Can Music Therapy Help Individuals With Mental Health Disorders
- Pages: 3
- Word count: 709
- Category: Music Therapy
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The authors in this article reviewed numerous records of studies that were done to test the effectiveness of creative art therapies treating PTSD (Post Traumatic Stress Disorder). They narrowed their review down to seven studies that used a controlled study structure and had conveyed evidence of actual changes to PTSD symptoms. However music was not the only focus. Creative art therapy studies also include art, dance, movement, and drama. Unfortunately, no valid studies were found for dance and movement therapy. All of the evidence provided was evaluated for quality, bias, and grade. The authors’ research on this topic concludes that while there are notable results from the studies conducted, the quality of these studies was very poor. Furthermore, they suggest that better scientific precision is required in future trials to prove whether or not these types of therapies are consistently effective in treating PTSD symptoms.
Grau-Sanchez (2017) reviews a study that was conducted on a single patient who had suffered from a chronic stroke. The study was mostly focused on the timeline that motor function and neuroplastic function improved as a result of Music-Supported Therapy (MST). The experiment was done over a period of seven months. The structure of this study consisted of four week periods alternating from period A to period B and back to period A…etc. Period A involved no MST treatment while period B included MST treatment. Motor tests and keyboard tasks were performed by the patient and analyzed. The author reiterates that the results from these tests did show significant improvement in the patients functioning and motor skills in the beginning periods and maintained these improvements after three months. Evidence from this study supports the idea that Music-Supported Therapy assists in quick progress for patients if used regularly.
This article covers an experiment conducted on individuals suffering from severe brain injury or stroke. Eighteen participants were divided, and half was given standard rehabilitation while the rest received the same rehab combined with music therapy. The experimental group had three treatments a week, not exceeding 10 treatments. Participants were evaluated on mood and social functioning prior to the study being conducted, during, and after it was finished. Staff members as well as family members gave feedback. As expected, the experimental group showed significant improvement in mood and social involvement. Nayak (2000) concluded that the combination of acute rehabilitation and music therapy provide improvement for people with brain injuries compared to those not receiving the music portion.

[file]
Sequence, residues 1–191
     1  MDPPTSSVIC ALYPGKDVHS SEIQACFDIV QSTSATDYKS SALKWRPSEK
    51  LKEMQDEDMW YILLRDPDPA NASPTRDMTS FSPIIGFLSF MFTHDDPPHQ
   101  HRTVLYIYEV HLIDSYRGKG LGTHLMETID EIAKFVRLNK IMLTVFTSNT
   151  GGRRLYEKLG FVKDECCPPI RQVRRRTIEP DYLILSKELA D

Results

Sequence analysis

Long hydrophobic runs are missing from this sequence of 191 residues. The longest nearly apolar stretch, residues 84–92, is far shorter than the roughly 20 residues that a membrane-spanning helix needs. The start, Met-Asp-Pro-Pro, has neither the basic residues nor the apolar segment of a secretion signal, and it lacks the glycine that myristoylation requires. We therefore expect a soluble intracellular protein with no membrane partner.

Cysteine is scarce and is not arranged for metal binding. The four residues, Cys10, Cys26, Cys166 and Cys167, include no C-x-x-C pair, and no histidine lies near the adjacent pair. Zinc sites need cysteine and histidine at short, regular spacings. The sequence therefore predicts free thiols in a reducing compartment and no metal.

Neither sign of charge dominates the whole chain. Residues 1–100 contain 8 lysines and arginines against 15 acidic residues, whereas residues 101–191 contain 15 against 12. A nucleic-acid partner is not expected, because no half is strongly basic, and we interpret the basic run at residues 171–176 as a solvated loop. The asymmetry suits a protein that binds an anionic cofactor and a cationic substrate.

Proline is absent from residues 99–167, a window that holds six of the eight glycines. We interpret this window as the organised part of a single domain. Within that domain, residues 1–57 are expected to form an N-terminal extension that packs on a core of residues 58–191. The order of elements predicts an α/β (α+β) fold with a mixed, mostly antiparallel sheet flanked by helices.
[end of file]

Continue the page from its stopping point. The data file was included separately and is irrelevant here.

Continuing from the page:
Rose (2018) summarizes a study that was done on an eight year old boy living with autism, ADHD, dyslexia, sensory processing difficulties, and dyspraxia. This study was conducted and measured over a one year period. During this period the boy engaged in musical activities. Specifically, he was taught to use an instrument. Tests were conducted before beginning the music learning and then again after the one year study. This author’s review then goes on to discuss the results of those tests. Before music, the young boy had an average IQ and lacked motor, social, and emotional skills. Post testing revealed that improvement in all of these areas except social and emotional abilities. Rose (2018) concludes that implementing different teaching styles, such as music learning, should be supported and is important for children.
The authors of this journal article evaluated a study that was done with Music listening in an extended care facility. The study was conducted over a five month period and included a total of ninety-two dementia care residents. Forty-five of these residents received their regular care, and forty seven received regular care combined with two to three music listening sessions a week. Also mentioned is this article was that some residents who were prescribed antipsychotics continued receiving that medication during the study and furthermore helped to assist in additional comparisons among the two groups. The authors give detail that all participants showed results of being more relaxed. Thus concluding that music listening is a natural alternative to relieving symptoms of dementia. The end of this review gives a brief explanation that antipsychotic medications have been associated with cerebrovascular issues and sometimes death. Further studies will need to take place to fully establish the effectiveness of music listening for adults suffering from dementia.